Magnuson Lowell Blog
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The term pain and suffering is synonymous with car accidents. If you have ever been involved in a motor vehicle collision, you understand the severity in which your life might be turned upside-down. From your initial visit to the emergency room or urgent care to your 25th treatment at your favorite chiropractor or physical therapist, your life after a crash revolves heavily around getting treatment to feel better. Medical expenses are a major factor in settling a personal injury claim, but they are often not the most important piece of the puzzle. Pain and suffering – despite its ambiguity – is frequently the more essential portion of your insurance claim. What exactly are pain and suffering damages? Well, Washington law provides some – but not much – guidance.
In all its glory, RCW 4.56.250 provides some very basic insight. Specifically, the Washington legislature outlined subsection (1)(b), which states as follows:
Noneconomic damages means subjective, nonmonetary losses, including, but not limited to pain, suffering, inconvenience, mental anguish, disability or disfigurement incurred by the injured party, emotional distress, loss of society and companionship, loss of consortium, injury to reputation and humiliation, and destruction of the parent-child relationship.
When preparing a personal injury claim for negotiation or trial, this law gives some specifics that provide a framework for monetary relief but leaves a lot to interpretation. For example, inconvenience seems self-explanatory but may encompass a broad spectrum of ideas. Perhaps it includes the inconvenience in having to appear for 50-medical appointments and getting stuck in traffic 45 minutes to an hour every time. Inconvenience might mean the inability for you to mow your law quickly forcing you to take 15-minute breaks in-between. Inconvenience might even be interpreted to include having to ask your employer to provide you accommodations that slow down your workday. Ultimately, it is up to the individual attorney to offer creative ideas for the jury to value these non-economic damages.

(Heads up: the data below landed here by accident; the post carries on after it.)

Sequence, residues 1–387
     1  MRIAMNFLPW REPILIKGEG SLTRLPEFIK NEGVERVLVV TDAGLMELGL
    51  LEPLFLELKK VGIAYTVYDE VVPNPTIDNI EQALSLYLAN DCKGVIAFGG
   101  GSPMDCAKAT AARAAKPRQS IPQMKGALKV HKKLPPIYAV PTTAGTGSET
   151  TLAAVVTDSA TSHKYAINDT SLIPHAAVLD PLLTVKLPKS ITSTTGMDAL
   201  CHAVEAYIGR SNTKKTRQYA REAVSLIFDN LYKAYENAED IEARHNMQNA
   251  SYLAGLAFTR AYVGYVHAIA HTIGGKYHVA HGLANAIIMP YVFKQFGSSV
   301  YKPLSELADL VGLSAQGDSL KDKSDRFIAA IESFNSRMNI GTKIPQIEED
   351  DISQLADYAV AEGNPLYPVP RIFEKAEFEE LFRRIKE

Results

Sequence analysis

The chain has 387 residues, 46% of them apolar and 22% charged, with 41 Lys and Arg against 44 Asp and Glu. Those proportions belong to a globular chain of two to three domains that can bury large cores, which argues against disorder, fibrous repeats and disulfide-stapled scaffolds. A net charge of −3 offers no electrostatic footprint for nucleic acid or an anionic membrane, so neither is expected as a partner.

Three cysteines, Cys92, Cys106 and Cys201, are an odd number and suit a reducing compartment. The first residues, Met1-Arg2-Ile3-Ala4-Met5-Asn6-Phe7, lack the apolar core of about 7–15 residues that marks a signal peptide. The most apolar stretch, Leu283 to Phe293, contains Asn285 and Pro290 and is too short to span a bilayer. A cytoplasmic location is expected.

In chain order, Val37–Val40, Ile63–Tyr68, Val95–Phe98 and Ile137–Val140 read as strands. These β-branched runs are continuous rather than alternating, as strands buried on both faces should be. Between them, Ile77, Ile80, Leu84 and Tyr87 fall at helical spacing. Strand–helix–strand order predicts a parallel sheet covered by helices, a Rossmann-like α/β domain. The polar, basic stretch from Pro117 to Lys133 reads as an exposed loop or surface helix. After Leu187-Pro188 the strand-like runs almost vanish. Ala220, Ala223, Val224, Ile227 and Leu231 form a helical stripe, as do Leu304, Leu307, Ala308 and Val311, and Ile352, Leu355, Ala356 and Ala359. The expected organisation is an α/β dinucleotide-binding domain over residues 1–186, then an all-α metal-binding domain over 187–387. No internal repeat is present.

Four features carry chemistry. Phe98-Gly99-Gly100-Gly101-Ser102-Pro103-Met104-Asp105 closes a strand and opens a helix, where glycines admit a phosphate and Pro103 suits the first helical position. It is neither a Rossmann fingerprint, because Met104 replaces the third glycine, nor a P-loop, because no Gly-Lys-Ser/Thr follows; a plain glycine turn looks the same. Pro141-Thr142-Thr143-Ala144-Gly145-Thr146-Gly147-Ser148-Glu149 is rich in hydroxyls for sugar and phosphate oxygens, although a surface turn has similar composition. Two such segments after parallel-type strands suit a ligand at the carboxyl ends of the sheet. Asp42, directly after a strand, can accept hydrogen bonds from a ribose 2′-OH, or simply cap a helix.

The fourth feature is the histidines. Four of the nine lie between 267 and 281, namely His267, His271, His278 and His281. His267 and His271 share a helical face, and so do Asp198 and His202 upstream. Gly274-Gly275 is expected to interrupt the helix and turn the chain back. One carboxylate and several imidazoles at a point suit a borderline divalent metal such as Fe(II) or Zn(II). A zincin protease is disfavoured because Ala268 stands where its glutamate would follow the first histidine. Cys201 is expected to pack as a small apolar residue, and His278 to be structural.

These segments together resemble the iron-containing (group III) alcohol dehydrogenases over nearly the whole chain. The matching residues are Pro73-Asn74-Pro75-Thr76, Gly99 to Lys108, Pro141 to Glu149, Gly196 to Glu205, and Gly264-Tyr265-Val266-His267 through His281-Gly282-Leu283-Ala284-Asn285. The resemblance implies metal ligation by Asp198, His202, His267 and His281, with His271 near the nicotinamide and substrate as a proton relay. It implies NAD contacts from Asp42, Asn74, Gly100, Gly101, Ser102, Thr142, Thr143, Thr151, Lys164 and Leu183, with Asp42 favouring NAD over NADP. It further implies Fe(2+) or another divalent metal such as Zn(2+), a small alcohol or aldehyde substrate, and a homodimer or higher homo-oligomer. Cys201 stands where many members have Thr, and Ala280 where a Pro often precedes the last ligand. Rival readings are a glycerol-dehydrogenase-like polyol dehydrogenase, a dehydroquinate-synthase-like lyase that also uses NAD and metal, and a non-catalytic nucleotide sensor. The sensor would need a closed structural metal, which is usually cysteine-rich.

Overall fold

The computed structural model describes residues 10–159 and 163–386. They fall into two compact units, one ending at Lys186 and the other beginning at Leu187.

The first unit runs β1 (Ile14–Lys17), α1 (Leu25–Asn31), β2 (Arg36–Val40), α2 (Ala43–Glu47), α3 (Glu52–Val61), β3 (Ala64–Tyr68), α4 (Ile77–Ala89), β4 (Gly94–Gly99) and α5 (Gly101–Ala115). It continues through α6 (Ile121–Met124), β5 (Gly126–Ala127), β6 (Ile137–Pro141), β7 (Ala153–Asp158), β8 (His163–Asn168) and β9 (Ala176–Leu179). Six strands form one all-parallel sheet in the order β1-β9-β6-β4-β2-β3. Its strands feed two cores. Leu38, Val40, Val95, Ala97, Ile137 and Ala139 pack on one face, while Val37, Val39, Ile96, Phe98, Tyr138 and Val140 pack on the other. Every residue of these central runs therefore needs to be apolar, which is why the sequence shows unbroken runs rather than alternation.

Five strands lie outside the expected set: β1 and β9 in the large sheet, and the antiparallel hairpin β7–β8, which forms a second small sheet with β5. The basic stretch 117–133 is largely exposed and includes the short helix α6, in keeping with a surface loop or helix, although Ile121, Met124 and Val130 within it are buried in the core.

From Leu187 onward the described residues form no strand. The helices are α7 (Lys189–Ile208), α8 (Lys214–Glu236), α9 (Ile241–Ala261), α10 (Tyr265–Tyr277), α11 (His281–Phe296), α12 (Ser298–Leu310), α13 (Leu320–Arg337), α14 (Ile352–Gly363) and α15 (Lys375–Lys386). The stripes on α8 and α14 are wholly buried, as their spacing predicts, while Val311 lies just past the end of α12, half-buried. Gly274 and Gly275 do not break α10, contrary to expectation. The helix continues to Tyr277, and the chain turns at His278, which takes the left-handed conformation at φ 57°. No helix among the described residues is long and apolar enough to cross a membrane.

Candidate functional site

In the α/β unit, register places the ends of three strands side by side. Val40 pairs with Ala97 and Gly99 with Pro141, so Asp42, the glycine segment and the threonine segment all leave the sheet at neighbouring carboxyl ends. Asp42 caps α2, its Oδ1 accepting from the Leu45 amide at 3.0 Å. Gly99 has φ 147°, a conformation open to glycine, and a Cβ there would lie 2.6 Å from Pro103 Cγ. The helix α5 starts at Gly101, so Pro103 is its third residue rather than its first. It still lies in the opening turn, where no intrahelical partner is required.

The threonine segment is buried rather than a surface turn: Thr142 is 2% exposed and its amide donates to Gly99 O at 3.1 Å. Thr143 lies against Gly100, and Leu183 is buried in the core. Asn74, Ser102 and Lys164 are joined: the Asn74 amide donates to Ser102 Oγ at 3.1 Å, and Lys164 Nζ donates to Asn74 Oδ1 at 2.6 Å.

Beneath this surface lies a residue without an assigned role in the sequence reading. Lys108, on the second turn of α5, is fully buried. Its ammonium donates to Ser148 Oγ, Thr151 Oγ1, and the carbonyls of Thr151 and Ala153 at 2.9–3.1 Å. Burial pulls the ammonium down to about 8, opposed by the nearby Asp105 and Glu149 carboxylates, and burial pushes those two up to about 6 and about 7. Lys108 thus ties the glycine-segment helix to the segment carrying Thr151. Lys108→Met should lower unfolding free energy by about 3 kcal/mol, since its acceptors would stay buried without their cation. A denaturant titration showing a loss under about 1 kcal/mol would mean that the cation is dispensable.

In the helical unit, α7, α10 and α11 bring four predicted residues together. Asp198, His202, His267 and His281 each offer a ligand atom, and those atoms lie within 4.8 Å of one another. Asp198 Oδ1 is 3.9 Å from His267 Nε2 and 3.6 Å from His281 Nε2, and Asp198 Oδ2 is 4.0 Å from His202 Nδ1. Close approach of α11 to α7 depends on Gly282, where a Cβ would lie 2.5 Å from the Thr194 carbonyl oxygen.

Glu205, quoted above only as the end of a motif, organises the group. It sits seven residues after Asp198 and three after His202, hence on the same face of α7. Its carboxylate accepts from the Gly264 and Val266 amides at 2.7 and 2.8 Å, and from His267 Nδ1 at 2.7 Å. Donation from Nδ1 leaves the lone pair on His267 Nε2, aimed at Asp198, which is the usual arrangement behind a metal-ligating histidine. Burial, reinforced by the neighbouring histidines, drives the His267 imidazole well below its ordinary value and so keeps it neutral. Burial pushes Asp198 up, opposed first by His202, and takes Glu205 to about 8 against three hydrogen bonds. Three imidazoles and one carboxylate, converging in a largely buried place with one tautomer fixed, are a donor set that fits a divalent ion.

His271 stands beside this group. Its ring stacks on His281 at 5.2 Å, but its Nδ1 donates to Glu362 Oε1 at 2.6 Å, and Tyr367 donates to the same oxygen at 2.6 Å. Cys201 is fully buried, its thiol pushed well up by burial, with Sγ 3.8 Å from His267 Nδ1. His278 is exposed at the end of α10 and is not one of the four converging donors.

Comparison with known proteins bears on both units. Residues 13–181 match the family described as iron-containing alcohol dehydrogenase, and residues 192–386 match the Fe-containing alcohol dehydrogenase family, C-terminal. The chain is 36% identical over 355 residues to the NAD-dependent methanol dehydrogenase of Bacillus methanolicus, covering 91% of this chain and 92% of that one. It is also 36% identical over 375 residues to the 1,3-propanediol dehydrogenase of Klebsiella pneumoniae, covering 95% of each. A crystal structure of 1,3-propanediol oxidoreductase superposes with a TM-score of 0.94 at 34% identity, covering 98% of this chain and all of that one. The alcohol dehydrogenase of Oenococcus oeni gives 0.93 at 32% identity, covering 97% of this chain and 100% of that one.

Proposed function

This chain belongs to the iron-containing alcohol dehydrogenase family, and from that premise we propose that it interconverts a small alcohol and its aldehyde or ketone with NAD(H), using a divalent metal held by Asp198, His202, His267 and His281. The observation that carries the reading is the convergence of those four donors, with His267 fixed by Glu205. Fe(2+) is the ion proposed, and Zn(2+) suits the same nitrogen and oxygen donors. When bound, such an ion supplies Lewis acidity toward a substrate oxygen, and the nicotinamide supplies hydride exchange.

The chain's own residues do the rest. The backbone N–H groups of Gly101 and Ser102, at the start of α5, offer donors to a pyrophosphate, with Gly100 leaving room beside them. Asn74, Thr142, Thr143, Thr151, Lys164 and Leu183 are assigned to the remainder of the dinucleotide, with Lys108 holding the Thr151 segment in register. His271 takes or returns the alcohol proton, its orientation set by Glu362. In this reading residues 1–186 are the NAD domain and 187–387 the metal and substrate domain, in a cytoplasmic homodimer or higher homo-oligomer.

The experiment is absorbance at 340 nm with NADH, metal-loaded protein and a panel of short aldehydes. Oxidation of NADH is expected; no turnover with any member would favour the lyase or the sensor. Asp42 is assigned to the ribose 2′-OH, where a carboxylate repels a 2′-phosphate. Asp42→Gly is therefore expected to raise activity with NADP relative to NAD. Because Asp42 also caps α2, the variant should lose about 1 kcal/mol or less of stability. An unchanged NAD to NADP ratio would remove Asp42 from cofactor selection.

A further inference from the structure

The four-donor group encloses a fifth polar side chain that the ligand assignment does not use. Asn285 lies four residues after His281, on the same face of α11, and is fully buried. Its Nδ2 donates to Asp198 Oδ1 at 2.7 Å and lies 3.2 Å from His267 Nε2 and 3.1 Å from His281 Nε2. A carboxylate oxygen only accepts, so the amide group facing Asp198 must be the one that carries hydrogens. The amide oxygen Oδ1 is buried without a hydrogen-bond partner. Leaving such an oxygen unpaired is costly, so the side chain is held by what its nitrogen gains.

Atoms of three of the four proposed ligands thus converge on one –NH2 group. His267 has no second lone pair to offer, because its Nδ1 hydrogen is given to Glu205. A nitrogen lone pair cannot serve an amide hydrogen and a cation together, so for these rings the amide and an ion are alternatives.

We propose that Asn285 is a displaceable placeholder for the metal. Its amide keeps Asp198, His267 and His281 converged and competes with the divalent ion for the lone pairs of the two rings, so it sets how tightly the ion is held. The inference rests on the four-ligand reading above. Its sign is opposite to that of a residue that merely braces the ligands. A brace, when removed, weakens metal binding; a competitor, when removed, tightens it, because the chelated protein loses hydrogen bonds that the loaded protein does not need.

Pain and suffering is a legal term-of-art that is thrown around often after an accident. In a general sense, these are non-economic, non-quantifiable, often subjective damages incurred by the injured party. There is no bill associated with pain, but it can be described by the claimant. On the stand, an injured driver can testify how they would wake up in the morning with the sun rising in the sky. Instead of thinking about the wonderful options available that day, the early riser is hoping that her back will hold out the entire day, so she does not have to call in sick. Her attorney will provide the outline for her answer helping to guide her in a story about how her life after the collision was devastating. Not just to her pocketbook, but to the relationship with her new husband, to her position as a new employee whose boss regrets her hiring, and to her mind, which is constantly full of doubts about her future.
Noneconomic, pain and suffering damages are not the easiest to establish. They are certainly more of an art than a science. Working with an experienced attorney is akin to working with a great painter. The lawyer guides their client like a brush on canvas helping to tell a vivid story to create an emotional image for the jurors. Emotions win cases, and pain and suffering damages are the crux of emotion in a personal injury claim. At the law offices of Magnuson Lowell, PS, our team of litigators understands the importance of the pain and suffering damages. Feel free to call for a free case evaluation.